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The Waiting Room

~ Chapter One

Writer’s Block In A Roomful of Blockheads

Example content imageDamn, ” Mort cursed beneath his breath, slamming the laptop closed, spinning his chair to face the wall behind him. His mind was a total blank, just as it had been since his arrival in this god-forsaken room.

He swiveled forward and looked around the place. It was circular in shape, shelves upon shelves of books lined the walls from floor to ceiling. There were chairs of different periods, from colonial to contemporary, from art deco to Victorian. Small round tables also filled the room.

There were four doors and one window. One door led to a single bedroom. The second door was the entrance to the only bathroom. The third led to a kitchen. The fourth door was the door they had all used at one time or another to come into the Waiting Room. But it could not be used to leave the room . Neither did the window open. Well, that was a lie. The door and window could open but only if he allowed it. Mort felt as if he were in purgatory.

Most of the seats were taken by those who had arrived before him; the rest meandered about almost mindlessly.

A wet bar beckoned him to have a drink, and soon he was standing side by side with the man he knew as Duke, competing shot for shot glasses of smooth, warm whiskey.

“You know,” Mort tried to point out, “If you helped write something, the quicker we could put an idea in his head, then the quicker we might get out of here.”

Duke gulped his fourth whiskey before whacking the empty glass to the bar, then jammed the remaining stub of his cigarette back into his mouth. The smoke from it was rancid, burning Mort’s nostrils. God, he thought, he was glad he didn’t smoke.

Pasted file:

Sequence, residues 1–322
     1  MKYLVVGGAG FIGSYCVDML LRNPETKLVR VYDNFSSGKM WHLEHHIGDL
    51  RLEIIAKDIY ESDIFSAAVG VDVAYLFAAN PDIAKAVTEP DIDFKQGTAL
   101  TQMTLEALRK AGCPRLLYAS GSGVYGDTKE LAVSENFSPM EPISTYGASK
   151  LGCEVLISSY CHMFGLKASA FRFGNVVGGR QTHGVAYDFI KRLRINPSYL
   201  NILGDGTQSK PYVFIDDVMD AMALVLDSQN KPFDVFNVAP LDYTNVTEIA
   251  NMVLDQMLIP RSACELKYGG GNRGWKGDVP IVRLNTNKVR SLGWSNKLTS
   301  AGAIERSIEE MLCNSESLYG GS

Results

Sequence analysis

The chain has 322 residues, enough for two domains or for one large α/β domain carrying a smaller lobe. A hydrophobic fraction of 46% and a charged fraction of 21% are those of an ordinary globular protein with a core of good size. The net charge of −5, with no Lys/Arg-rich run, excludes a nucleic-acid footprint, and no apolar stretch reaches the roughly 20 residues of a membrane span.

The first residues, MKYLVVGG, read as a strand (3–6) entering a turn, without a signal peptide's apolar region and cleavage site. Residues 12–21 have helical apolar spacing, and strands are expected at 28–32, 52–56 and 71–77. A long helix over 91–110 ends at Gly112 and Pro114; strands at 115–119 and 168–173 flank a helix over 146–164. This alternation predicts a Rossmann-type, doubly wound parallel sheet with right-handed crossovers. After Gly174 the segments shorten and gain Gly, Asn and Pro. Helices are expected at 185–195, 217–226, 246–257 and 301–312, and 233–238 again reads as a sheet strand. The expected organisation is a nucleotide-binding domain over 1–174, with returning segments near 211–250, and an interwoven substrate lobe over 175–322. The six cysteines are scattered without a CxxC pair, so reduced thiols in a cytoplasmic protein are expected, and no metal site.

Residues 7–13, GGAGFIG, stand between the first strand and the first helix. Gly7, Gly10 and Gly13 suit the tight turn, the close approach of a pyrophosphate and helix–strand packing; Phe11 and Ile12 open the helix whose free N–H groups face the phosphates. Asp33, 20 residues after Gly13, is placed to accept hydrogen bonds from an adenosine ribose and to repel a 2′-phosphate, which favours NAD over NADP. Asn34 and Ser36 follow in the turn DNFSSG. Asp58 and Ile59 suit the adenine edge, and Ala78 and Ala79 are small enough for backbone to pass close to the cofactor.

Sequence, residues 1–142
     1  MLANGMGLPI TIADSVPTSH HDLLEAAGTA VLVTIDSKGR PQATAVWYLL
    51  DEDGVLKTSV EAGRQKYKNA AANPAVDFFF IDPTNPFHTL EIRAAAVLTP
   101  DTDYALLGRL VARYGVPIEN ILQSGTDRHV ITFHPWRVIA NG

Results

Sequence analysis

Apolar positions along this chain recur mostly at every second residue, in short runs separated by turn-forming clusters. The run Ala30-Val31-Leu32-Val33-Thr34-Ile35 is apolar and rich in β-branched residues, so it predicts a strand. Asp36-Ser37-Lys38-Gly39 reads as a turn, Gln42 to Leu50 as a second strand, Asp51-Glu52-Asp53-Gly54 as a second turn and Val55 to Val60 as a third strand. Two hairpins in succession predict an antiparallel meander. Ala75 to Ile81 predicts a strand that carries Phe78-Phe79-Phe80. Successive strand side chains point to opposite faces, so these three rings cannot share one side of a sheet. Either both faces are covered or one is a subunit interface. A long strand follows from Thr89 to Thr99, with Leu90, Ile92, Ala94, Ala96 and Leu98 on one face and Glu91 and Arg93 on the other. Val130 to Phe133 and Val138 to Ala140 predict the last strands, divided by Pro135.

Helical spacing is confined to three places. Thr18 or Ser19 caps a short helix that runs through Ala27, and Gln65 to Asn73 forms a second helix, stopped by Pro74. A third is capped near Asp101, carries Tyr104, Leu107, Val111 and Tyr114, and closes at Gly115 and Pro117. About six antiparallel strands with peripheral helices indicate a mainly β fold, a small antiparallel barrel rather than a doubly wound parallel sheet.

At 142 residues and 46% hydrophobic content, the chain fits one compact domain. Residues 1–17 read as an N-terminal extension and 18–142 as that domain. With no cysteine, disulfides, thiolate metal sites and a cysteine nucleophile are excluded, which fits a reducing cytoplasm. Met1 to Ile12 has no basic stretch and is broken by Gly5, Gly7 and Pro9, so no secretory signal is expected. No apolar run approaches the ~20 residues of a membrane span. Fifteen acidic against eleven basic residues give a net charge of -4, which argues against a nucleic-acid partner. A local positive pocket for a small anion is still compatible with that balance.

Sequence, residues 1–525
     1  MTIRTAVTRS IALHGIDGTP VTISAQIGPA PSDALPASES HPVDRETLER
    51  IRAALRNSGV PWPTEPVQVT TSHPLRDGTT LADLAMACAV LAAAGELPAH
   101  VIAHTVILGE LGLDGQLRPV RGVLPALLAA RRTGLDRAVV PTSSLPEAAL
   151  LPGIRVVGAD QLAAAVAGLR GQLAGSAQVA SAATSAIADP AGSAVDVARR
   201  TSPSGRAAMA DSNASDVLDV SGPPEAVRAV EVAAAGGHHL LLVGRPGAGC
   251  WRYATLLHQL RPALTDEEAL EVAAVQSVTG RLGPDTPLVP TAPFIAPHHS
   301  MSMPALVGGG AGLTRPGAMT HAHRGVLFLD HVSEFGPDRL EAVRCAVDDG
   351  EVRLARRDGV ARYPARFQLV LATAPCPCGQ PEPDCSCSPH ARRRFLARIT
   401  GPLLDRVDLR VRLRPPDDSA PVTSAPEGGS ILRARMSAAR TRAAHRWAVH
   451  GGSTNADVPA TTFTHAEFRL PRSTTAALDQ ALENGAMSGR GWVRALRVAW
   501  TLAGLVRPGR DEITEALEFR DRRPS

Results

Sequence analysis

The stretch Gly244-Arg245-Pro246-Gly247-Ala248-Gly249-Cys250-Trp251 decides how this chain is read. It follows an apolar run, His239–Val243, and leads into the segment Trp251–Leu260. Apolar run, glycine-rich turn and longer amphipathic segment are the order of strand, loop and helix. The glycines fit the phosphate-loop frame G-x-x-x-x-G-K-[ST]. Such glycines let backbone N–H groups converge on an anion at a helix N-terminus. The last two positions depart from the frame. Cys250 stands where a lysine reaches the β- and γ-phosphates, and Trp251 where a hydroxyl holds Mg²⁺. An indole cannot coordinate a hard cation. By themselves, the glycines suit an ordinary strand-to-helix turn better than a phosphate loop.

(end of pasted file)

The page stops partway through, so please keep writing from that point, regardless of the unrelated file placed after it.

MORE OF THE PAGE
Duke gave Rainey a knowing glance then announced loudly, “I don’t write fiction, I report the facts! Now, get your damn ass back over to that freaking contraption of yours and start freaking writing!” The journalist slid from his stool, a new drink in one hand, waving the cigarette in the other as he stumbled his way to a far corner table.

“Music! We need some freaking music!” He clumsily turned in circles in search of his accordion, but not immediately finding it, plopped down in the nearest empty chair, the instrument temporarily forgotten.

“You want music?” Axel asked in his polite quiet way. “I can turn on the radio.” He got up from his chair to try to find a station.

“Forgetaboutit!” Came a grumbling New York City voice from the far side of the room. “Whenever we put the f--king radio on , Spencer zones out and we lose the f--king signal. Ain’t that right, Commander?”

The astronaut ignored the question.

Mort returned to his desk and opened the laptop, hoping for some inspiration.

F--k, he thought to himself, he didn’t know how long he could stand being cooped up in this s--t hole of a room with these guys who all seem to have s--t for brains. The only smart one in the room , beside himself was walking over to him on all four legs.

Mort watched as his faithful canine companion, Chico, found his way to his favorite corner chair, and with a quick jump, curled himself up for a nap, oblivious to the screwdriver protruding from the side of his head as if it were nothing but a large, blood-sucking tick.


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